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Siemens to Test “eHighway” Overhead Electric Lines for Trucks in California
Overhead electric lines that power buses and streetcars are a common sight in California cities and towns, and they could soon be expanding to highways. At the 26th annual Electric Vehicle Symposium in Los Angeles last week, Siemens unveiled the “eHighway of the Future,” a system of electric lines that would be used to power specially-designed hybrid trucks. The eHighway is currently being tested in Germany, and pilot projects are planed for Los Angeles and Long Beach.
The trucks that will be used in the tests will be hybrid diesel electric trucks, which will be equipped with technology that will enable them to connect to the electrified wires. The trucks will automatically switch to electric mode when they attach to the overhead lines, but when they drive off the grid to make a delivery, for example, they’ll be able to run on a diesel engine. The company says that once the technology becomes widely used, any truck, regardless of what type of engine it runs on, will be able to use the eHighway system.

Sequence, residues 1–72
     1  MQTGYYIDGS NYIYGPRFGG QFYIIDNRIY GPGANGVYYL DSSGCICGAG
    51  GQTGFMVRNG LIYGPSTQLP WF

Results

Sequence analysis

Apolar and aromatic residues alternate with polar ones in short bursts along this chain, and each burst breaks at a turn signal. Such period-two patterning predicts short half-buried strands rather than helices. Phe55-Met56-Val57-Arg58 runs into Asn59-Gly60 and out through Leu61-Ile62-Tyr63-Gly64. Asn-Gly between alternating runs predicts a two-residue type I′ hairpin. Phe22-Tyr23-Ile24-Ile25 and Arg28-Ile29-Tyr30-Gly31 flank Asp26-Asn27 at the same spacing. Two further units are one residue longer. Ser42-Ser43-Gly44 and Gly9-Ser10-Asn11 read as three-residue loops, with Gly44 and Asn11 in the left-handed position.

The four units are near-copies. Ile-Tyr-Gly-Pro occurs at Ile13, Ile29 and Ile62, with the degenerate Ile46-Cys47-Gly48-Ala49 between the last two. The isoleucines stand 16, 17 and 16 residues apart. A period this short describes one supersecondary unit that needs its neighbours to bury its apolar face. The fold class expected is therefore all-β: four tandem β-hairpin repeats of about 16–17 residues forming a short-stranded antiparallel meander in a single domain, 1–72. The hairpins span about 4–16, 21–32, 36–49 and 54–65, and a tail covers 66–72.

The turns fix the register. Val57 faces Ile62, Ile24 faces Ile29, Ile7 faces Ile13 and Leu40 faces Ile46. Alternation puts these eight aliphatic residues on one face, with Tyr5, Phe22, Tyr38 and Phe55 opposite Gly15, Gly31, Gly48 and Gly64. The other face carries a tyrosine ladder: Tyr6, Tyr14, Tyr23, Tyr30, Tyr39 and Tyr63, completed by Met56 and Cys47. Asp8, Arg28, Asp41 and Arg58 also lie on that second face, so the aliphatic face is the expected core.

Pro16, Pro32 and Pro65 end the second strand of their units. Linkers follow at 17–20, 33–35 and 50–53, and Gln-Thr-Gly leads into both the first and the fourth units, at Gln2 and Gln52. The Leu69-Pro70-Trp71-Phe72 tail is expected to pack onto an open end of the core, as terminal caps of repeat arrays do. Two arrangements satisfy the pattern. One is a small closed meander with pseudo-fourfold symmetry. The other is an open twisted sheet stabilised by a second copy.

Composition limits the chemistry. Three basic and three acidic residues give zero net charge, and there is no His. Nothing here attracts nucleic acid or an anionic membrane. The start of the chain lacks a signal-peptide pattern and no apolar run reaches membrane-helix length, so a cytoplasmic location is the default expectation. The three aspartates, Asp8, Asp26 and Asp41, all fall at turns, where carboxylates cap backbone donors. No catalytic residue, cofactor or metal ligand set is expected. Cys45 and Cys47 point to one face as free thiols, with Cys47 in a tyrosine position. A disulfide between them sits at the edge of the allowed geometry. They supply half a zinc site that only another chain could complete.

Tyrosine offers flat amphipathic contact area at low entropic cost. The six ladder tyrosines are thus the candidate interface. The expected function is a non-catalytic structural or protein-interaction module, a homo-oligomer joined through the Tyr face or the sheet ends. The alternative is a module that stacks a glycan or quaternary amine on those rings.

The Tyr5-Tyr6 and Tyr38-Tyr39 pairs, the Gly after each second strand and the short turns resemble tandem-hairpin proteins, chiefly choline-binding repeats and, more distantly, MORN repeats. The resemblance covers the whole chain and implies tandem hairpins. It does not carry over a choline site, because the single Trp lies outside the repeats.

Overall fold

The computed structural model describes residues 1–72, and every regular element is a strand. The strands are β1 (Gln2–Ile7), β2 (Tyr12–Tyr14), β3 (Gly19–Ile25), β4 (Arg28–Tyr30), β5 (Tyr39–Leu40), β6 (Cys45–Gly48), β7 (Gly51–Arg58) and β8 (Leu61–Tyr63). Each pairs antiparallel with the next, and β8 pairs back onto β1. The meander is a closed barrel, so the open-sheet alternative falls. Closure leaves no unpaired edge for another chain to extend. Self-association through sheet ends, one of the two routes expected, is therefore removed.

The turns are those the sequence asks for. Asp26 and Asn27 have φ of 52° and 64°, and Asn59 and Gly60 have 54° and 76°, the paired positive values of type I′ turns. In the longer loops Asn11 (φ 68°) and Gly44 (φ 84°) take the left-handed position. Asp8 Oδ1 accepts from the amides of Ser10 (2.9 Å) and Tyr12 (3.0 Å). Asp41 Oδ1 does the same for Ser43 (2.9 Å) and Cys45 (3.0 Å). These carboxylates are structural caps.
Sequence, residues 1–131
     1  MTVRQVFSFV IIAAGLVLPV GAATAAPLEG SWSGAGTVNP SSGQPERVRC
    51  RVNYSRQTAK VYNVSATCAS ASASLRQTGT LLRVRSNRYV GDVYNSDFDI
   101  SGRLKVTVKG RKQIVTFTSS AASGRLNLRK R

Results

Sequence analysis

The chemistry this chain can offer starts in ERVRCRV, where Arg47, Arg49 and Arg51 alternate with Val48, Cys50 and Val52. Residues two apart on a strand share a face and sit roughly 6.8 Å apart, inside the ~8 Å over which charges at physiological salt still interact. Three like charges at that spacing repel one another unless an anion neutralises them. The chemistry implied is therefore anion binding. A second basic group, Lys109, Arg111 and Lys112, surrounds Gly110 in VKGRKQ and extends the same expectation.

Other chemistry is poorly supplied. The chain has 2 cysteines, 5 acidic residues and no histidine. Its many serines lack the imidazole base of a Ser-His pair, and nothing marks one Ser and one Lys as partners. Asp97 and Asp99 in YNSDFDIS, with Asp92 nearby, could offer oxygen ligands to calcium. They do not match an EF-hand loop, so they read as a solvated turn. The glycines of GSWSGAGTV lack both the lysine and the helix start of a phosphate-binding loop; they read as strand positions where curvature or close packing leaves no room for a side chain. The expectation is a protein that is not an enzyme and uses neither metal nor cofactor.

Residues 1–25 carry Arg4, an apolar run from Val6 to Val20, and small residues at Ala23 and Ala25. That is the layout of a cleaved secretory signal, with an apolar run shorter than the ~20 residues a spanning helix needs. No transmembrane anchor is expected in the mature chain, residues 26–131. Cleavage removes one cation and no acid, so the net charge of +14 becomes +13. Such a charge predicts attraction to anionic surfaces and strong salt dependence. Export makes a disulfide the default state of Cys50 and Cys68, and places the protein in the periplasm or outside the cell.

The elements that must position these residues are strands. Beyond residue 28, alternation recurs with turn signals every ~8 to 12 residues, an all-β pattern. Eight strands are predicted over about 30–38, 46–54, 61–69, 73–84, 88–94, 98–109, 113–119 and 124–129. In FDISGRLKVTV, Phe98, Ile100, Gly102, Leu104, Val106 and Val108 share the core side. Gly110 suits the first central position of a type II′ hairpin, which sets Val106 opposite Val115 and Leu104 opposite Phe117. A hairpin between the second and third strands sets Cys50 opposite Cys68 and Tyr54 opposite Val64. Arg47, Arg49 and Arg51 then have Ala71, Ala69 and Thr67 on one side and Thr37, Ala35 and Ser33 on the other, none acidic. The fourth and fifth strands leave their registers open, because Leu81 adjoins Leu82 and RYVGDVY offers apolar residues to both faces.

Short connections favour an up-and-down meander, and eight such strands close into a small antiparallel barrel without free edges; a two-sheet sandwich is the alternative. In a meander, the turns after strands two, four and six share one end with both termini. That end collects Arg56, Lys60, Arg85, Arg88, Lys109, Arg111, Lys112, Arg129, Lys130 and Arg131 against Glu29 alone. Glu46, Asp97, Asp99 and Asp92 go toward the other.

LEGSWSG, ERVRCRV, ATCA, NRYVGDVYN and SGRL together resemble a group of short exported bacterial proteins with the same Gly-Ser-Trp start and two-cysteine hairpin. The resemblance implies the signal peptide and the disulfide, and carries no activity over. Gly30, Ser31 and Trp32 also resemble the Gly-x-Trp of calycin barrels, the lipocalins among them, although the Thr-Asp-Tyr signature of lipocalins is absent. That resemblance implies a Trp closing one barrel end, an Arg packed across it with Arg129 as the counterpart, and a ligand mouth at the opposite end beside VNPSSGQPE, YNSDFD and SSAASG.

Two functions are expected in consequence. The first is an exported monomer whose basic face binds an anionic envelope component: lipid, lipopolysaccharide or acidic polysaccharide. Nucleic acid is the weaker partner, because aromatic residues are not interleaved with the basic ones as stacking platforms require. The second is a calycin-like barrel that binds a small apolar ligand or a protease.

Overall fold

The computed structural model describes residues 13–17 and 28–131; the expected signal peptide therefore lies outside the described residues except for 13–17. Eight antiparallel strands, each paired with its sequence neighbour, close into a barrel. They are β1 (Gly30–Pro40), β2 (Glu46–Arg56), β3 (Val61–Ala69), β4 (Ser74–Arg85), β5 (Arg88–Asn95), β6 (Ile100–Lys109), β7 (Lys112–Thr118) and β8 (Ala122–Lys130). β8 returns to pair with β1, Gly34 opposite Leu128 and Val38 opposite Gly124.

Why did Siemens choose to tailor the system to trucks instead of passenger cars? Commercial trucks account for a large portion of the vehicle emissions in the US, and the amount of CO2 they produce is only expected to grow. “Freight transportation on U.S. roadways is expected to double by 2050, while global oil resources continue to deplete,” said Siemens Infrastructure & Cities CEO Daryl Dulaney, according to AutoNet.ca. “And by 2030, carbon dioxide emissions are forecasted to jump 30 percent due to freight transport alone.”
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